doubted our ultimate victory because we're riding a global wave. Country after
country is recognizing that free trade is the key to a more prosperous future
and that protectionism protects no one, not even the special
interests that want it so much. This bill will help us continue our
efforts to open markets. It'll help insist on standards of fairplay
for our products abroad. It'll strengthen the ability of
important, it brings Congress and our administration together in firm support
of the new round of multilateral trade talks that began in
I'm delighted to see that this bill also eliminates the so-called windfall profits tax, a pernicious piece of law from the old tax-and-spend years. You know, the truth about the windfall profits tax is that it was a windfall for those who think the Government knows best what to do with our money. Now, with that tax abolished, many thousands of Americans who've lost their jobs as the result of the downturn in energy prices may find themselves back at work.
Let me be plain that there are some things in this bill I don't like. It is possible this bill could lead to an import fee that would be illegal according to international law and inconsistent with our goal of moving toward free world trade. Its language claims to require the executive branch to negotiate with foreign countries on certain specified trade topics. And that's inconsistent with our constitutional principles. It also claims to require the International Trade Commission to conduct investigations in response to a resolution passed by a single House or Senate committee. And that, too, is inconsistent with our constitutional principles.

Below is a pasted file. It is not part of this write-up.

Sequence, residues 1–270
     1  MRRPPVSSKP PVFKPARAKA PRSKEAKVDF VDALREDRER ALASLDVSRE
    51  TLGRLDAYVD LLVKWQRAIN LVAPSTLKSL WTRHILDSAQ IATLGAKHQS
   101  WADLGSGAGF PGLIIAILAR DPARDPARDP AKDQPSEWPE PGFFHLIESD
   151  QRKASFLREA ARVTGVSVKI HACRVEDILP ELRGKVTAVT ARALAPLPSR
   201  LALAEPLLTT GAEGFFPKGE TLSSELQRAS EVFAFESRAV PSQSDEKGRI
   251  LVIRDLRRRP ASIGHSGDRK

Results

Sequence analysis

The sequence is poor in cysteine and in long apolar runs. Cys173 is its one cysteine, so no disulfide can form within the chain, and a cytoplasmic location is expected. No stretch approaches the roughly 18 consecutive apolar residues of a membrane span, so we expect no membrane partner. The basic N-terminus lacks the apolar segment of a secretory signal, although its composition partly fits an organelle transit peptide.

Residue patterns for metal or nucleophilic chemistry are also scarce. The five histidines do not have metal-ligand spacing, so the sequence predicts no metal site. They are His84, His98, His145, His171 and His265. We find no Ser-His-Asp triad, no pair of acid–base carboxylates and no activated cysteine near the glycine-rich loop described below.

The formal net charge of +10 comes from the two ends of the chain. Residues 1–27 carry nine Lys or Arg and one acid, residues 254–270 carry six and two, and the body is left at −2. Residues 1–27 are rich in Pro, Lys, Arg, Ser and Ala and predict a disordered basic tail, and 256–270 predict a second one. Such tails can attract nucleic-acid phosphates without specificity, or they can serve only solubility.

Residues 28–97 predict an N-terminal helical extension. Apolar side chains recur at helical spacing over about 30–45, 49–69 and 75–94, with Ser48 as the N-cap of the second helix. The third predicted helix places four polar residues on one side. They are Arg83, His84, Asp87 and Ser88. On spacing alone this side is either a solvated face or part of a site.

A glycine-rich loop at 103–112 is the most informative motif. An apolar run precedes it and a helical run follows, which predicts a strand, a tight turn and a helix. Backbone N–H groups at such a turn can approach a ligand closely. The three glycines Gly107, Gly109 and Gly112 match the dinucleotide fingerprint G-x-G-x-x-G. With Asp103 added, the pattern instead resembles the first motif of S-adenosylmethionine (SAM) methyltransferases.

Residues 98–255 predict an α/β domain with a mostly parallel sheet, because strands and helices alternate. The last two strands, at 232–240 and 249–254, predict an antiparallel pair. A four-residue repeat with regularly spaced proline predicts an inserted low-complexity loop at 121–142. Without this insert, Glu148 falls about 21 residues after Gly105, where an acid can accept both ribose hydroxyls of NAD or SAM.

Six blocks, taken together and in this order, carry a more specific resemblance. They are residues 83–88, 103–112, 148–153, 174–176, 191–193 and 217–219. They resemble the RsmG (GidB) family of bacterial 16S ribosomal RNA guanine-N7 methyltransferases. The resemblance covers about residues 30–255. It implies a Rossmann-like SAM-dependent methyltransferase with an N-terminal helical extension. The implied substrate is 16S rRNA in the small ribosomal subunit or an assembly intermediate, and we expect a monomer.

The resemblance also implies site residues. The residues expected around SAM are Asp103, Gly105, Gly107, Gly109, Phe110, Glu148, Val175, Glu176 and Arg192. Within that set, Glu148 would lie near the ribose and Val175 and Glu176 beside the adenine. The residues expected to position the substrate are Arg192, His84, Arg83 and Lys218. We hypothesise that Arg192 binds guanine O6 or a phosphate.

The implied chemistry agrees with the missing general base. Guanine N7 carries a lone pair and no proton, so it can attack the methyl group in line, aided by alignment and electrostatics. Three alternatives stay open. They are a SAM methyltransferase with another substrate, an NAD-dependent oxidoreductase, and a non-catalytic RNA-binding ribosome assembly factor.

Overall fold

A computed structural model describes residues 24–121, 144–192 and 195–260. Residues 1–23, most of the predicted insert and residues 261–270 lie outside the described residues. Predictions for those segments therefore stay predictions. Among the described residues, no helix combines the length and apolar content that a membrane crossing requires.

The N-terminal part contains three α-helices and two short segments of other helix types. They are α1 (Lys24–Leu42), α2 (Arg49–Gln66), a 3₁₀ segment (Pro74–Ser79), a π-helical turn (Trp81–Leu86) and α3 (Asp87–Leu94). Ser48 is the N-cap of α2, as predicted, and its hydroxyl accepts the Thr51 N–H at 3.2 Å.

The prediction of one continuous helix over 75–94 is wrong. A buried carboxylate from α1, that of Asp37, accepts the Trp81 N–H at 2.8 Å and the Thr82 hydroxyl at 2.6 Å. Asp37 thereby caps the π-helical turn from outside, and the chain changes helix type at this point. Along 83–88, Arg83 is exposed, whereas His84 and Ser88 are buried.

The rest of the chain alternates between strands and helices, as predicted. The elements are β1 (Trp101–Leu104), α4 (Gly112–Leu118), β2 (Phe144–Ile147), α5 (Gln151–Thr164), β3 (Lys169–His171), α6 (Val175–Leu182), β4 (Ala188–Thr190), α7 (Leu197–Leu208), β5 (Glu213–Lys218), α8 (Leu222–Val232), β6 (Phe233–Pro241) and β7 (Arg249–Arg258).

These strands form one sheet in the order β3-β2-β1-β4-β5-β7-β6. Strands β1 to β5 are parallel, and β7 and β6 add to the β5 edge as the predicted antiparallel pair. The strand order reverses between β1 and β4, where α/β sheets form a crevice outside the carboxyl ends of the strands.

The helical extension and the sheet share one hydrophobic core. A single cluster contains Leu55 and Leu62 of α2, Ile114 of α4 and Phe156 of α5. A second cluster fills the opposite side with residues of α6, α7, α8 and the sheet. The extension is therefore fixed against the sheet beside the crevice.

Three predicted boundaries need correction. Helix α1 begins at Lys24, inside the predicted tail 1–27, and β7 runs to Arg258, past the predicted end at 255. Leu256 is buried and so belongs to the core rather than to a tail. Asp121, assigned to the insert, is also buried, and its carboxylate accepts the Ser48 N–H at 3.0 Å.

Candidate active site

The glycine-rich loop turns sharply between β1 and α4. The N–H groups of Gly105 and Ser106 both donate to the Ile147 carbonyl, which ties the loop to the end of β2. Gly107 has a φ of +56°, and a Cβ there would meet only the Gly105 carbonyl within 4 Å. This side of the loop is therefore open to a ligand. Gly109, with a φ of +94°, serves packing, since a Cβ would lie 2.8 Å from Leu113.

Well, finally, there are also provisions that assign specific authority to executive officials, such as the United States Trade Representative. It must and will be understood that all officials of the executive branch of this government are subject to the direction and control of the President. And so, in signing this bill, I'm specifically noting that it will be implemented in a constitutional manner.
we see before us today is a future filled with promise and hope. This bill will
allow us to provide up to a billion dollars a year for retraining workers to
adjust to our turbocharged economy, an economy that, with the right leader,
will remain yare. Yes, there are challenges ahead of us, but we Americans know
that nothing worth having comes without a challenge. Challenges and
opportunities are just two words for the same condition: the condition called
freedom -- from the freedom of the human soul to the freedom of choice that is
the hallmark of our democracy to, yes, the freedom we speak of today, the
freedom to exchange goods, services, and ideas in the world market.
Now, I thank you, and God bless you all. And I'm going over and sit down and sign that bill -- less talk and a little bit of writing right now.
Note: The President
spoke at at Pier G, Berth 228.
In his opening remarks, he referred to George F. Talin,
Sr., president of the